Snakes-head Fritillary

Snakes Head Fritillary

Snakes-head Fritillary

These flowers remind me of my childhood. They were once common place in water meadows and damp woodlands but intensive arable farming has significantly reduced their natural environment over the last 30 years. They are now considered rare which is a shame because they are beautiful and there is no other flower quite like them.

I’ve always known these flowers as Snakes-head but they have a number of interesting common names including Lazarus Bell or Leper Lily because the flower head resembles the shape of the bell worn by lepers in the Middle Ages. They are also known as Chess Flower and Chequered Lily due to their unusual petal patterns and Frog-cup – I have no idea where that name came from!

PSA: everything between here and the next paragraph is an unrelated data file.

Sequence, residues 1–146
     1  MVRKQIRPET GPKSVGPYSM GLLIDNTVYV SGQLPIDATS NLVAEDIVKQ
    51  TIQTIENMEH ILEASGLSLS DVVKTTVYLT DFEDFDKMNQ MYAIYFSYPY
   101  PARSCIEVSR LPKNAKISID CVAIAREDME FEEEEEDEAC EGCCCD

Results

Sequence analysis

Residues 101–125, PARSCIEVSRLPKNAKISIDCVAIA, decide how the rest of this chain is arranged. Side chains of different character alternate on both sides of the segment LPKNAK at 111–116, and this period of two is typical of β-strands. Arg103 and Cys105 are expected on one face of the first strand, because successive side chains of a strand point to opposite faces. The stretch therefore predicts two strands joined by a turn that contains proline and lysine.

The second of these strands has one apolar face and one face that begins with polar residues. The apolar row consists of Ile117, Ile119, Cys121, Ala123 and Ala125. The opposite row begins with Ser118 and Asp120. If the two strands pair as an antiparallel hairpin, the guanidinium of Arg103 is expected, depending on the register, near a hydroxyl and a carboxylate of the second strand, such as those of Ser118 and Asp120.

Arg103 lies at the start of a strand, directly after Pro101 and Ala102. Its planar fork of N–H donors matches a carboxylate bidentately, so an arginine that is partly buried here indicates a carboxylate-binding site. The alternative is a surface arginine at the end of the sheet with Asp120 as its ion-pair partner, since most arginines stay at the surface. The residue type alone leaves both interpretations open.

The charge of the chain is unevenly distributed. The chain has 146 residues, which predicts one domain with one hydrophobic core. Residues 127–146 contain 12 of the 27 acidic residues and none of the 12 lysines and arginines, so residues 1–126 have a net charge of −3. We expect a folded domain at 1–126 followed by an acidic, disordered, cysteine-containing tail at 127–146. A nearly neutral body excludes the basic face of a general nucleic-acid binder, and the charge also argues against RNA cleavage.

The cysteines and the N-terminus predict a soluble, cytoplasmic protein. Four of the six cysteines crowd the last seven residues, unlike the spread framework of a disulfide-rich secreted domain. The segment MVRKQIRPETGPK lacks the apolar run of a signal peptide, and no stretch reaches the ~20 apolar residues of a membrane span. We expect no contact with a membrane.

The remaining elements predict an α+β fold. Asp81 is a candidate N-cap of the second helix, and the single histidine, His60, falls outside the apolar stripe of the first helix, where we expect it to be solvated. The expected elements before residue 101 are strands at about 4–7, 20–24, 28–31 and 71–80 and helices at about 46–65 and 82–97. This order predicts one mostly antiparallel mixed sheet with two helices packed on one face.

Snakes-head bloom in Spring, often around the Easter period.  Ancient folklore explains that the flowers droop because they witnessed Jesus Christ’s crucifixion and hung their heads in sorrow. Within each flower is a bead of nectar said to be an eternal tear.

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Fritillaria meleagris

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